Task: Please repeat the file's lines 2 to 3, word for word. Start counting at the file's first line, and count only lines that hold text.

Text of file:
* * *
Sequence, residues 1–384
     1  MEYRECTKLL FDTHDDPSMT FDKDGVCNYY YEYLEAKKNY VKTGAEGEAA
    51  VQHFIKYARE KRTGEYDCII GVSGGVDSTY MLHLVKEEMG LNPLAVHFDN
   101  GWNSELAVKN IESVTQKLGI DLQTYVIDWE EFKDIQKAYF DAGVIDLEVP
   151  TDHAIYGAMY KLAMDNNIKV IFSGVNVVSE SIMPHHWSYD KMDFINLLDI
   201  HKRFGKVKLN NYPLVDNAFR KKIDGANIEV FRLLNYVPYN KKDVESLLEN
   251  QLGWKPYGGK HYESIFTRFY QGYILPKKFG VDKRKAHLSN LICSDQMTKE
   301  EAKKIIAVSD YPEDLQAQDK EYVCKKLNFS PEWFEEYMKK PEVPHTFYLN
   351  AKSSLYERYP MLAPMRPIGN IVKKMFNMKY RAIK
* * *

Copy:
     1  MEYRECTKLL FDTHDDPSMT FDKDGVCNYY YEYLEAKKNY VKTGAEGEAA
    51  VQHFIKYARE KRTGEYDCII GVSGGVDSTY MLHLVKEEMG LNPLAVHFDN